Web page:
- A down payment of 20% or more will make your mortgage “conventional”. This means you are allowed to qualify using a 30-year term instead of 25 years.
Note, having a “conventional” mortgage also means you now need to qualify at the greater of the BoC qualifying rate (5.34% at time of writing) or the actual mortgage rate plus 2%. So, if the 5-year fixed rate is 3.50%, then the qualifying rate must be 5.50% because it’s greater than the BoC qualifying rate. As a result, applicants will look for the term/product that has a rate that allows them to use the BoC qualifying rate. These are typically short-term offerings such as adjustable-rate mortgages or ones with 1 to 2-year terms.
The amortization is the time it takes to fully pay off the mortgage. The longest amortization period we have in Canada is 25 years for down payments of less than 20%. For down payments greater than 20%, there is more flexibility but the vast majority of A lenders limit the maximum to 30 years.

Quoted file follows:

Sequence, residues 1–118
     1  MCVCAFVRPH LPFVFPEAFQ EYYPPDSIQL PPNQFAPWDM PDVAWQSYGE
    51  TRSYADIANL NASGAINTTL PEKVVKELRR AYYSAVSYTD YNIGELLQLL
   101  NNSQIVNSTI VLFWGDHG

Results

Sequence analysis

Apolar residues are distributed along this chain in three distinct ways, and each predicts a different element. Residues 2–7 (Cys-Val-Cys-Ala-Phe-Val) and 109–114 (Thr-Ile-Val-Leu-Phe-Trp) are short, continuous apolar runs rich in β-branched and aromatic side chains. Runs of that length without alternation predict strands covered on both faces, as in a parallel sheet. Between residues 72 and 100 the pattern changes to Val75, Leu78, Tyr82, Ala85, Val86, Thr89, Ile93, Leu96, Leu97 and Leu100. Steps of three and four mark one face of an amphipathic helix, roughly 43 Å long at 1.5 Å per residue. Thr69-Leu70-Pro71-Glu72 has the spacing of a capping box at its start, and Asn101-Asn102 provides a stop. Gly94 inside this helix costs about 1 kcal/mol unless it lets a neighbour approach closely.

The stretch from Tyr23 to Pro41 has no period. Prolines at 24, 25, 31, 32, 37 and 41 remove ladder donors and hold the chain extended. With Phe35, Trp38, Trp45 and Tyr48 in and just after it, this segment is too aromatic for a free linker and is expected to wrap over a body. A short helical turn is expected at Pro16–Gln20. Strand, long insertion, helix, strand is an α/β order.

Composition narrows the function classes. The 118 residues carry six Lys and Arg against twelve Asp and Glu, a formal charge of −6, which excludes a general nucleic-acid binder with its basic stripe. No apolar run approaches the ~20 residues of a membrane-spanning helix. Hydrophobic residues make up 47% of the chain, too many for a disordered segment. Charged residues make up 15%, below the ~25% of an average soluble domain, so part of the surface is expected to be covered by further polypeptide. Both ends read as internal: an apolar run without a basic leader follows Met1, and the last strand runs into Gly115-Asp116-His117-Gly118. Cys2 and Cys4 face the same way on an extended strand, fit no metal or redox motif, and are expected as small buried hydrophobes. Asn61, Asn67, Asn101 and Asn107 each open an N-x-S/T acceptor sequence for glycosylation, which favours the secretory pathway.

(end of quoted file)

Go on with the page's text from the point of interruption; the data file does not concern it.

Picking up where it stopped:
The longer the amortization period, the lower the mortgage payment and the more you can qualify for! All else being equal, a 30-year amortization has the impact of increasing your qualifying amount by 8.1%.
Property specific: Condo fees, Heat, Property taxes
The greater the condo fees, heat, and property taxes are, the less your qualification amount will be. Some municipalities don’t have strong sources of income so have to charge higher property taxes. Some condo boards have poorly funded reserve funds and may have to catch up by raising their condo fees.